Provided further is another embodiment that is applicable in cardiac-gated time-resolved imaging (cine). In this embodiment,
(a) Pulse sequence executions proceed at a constant rate and acquire the same k-space view group repeatedly within a cardiac cycle.
(b) FFT performed immediately after the acquisition of each view group produces a sub-image sequence for the heart cycle. As soon as it becomes possible, temporal interpolation of the sequence generates a sequence of sub-image frames at the desired cardiac phases within the heart cycle. Replication and complex-weighting of each frame then gives rise to a sequence of component-images at the cardiac phases.
(c) The segmental k-space traversing pattern is altered upon the detection of a new cycle so that the view groups acquired vary between heart cycles according to the hierarchical order discussed previously (e.g., 1-5-3-7-2-6-4-8 for the example L=8 case). (a) and (b) are repeated for each cycle.
(d) Component-image sequences are added on-the-fly to incrementally reconstruct the final image sequence.
While the preferred embodiments of the present invention have been shown and described herein, it will be obvious that such embodiments are provided by way of example only. Numerous variations, changes and substitutions will occur to those of skill in the art without departing from the invention herein. Accordingly, it is intended that the invention be limited only by the spirit and scope of the appended claims.
|Cited Patent||Filing date||Publication date||Applicant||Title|
|US4651095||Aug 1, 1984||Mar 17, 1987||National Research Development Corporation||Methods of producing images by NMR techniques|
|US4830012||Aug 14, 1987||May 16, 1989||Duke University||High speed NMR imaging method and apparatus|
|US4958282||Jul 6, 1988||Sep 18, 1990||General Electric Cgr S.A.||3-D image reconstruction using Fourier transformation with differing resolutions of image axes|
|US5164671||Nov 2, 1990||Nov 17, 1992||Elscint Ltd.||Hidden reconstruction|
|US5275164||Jul 28, 1989||Jan 4, 1994||Hitachi, Ltd.||Multi-dimensional magnetic resonance imaging method and apparatus for same|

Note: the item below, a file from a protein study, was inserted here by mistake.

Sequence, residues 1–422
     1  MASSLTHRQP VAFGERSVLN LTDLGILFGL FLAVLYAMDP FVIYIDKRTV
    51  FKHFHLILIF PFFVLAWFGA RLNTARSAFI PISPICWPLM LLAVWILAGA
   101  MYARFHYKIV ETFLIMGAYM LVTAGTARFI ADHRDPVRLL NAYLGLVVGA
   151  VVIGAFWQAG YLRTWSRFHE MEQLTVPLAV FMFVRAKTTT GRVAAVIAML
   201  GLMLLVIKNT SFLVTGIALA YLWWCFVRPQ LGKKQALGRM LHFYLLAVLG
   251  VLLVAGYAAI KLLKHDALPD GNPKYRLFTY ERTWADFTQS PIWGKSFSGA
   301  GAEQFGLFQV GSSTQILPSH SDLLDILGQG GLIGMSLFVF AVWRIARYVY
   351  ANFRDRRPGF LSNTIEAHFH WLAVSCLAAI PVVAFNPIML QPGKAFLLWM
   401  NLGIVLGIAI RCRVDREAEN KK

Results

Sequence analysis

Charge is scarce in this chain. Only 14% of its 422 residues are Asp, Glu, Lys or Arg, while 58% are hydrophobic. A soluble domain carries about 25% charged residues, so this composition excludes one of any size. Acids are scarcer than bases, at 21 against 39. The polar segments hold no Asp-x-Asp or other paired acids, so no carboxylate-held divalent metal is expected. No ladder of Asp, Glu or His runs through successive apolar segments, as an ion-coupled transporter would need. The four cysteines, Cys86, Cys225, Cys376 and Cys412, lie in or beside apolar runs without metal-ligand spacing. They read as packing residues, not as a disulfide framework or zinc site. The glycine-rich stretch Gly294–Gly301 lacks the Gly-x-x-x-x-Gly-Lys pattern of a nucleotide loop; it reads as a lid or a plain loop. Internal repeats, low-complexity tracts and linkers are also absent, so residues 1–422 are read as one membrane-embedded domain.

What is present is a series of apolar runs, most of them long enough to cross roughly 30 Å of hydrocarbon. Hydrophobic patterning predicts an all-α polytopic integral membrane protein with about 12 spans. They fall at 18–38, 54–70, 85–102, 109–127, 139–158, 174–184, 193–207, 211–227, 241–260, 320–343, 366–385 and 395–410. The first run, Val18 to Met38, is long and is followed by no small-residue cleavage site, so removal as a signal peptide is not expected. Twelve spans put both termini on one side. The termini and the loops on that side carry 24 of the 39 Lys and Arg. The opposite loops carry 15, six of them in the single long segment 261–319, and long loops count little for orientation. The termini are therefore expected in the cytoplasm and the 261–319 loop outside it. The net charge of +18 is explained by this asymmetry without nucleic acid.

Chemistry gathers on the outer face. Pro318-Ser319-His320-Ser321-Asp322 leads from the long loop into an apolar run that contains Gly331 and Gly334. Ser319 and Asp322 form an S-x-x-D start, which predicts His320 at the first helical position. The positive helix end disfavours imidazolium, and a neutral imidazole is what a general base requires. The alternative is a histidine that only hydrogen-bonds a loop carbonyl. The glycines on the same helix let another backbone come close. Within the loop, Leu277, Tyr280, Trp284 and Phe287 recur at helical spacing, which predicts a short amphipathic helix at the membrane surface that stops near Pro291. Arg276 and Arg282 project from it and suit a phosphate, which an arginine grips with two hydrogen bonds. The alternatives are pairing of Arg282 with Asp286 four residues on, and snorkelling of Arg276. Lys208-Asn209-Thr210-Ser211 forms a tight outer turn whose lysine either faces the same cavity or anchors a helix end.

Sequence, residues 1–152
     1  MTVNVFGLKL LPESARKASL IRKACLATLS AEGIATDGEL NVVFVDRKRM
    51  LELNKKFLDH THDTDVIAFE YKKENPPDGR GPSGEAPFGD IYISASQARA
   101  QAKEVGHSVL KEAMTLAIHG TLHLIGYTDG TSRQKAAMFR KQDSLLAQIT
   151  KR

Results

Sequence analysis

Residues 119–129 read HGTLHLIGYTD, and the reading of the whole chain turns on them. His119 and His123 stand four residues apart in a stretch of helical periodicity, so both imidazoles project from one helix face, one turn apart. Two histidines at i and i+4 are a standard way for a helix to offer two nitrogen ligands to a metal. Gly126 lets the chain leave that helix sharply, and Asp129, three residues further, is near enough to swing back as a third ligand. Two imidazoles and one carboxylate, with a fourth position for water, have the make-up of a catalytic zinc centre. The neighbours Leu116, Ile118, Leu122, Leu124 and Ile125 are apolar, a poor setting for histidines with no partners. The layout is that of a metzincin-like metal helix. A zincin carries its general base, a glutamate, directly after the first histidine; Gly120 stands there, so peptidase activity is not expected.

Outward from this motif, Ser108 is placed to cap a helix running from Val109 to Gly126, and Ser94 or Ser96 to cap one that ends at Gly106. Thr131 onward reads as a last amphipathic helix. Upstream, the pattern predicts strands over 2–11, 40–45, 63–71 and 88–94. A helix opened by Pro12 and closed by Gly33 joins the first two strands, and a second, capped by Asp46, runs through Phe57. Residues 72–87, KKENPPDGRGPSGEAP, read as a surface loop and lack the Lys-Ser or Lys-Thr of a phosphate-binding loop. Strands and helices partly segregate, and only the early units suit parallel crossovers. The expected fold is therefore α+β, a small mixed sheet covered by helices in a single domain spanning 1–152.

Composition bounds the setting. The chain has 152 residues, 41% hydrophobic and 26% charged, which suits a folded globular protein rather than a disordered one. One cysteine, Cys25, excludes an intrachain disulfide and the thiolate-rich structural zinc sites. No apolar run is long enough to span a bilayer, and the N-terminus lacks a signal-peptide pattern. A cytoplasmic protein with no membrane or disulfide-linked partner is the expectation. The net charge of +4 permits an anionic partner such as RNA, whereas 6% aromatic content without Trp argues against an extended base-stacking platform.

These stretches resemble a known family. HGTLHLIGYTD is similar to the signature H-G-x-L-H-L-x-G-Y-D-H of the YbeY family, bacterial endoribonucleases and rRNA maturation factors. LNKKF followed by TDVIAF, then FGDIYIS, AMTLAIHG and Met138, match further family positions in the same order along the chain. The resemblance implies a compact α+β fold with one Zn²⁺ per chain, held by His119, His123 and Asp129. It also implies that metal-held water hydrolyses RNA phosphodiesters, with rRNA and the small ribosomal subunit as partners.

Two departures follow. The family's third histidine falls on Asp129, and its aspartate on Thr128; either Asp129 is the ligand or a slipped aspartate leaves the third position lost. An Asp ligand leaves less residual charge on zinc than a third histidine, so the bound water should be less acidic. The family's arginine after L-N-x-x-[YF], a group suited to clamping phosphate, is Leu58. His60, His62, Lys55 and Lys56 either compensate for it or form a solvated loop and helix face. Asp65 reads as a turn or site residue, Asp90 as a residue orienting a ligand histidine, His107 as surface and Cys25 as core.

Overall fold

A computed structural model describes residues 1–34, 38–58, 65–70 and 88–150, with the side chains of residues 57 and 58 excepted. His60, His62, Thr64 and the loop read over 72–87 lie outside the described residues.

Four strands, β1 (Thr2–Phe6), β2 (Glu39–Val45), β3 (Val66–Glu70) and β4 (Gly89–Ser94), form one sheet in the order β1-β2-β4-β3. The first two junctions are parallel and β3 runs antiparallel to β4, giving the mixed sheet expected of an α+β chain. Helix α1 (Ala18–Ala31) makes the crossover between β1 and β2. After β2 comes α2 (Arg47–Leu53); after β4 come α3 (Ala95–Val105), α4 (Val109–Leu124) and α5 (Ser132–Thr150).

|US6097977 *||Dec 31, 1997||Aug 1, 2000||General Electric Company||Method for controlling data acquisition and image reconstruction during continuous MR imaging|
|US6278273 *||Nov 22, 1999||Aug 21, 2001||Mayo Foundation For Medical Education And Research||MR fluoroscopy with reverse-centric view acquisition|
|US6320378 *||Mar 30, 2001||Nov 20, 2001||Brigham & Women's Hospital||Continuous magnetic resonance line-scan imaging in the presence of motion and varying magnetic field inhomogeneities within the field of view|
|Citing Patent||Filing date||Publication date||Applicant||Title|
|US7251520||Jul 8, 2003||Jul 31, 2007||General Electric Company||Method and apparatus of slice selective magnetization preparation for moving table MRI|
|US20050010097 *||Jun 26, 2003||Jan 13, 2005||Cline Harvey E.||System and method for measuring fluid volumes in brain images|
|US20050020907 *||Jul 8, 2003||Jan 27, 2005||Ajit Shankaranarayanan||Method and apparatus of slice selective magnetization preparation for moving table mri|
|U.S. Classification||324/309, 324/307|
|Mar 19, 2001||AS||Assignment|
Owner name: GENERAL ELECTRIC COMPANY, NEW YORK
Free format text: ASSIGNMENT OF ASSIGNORS INTEREST;ASSIGNOR:ZHU, YUDONG;REEL/FRAME:011409/0670
Effective date: 20010316
|Jan 8, 2002||AS||Assignment|
Owner name: GENERAL ELECTRIC COMPANY, NEW YORK
Free format text: CORRECTIVE ASSIGNMENT TO REMOVE ASSIGNEE AVERY DENNISON FROM THE ASSIGNMENT DOCUMENT PREVIOUSLY RECORDED ON REEL 011409, FRAME 0670;ASSIGNOR:ZHU, YUDONG NMN;REEL/FRAME:012445/0232
Effective date: 20010316
|Aug 9, 2006||REMI||Maintenance fee reminder mailed|
|Jan 21, 2007||LAPS||Lapse for failure to pay maintenance fees|
|Mar 20, 2007||FP||Expired due to failure to pay maintenance fee|
Effective date: 20070121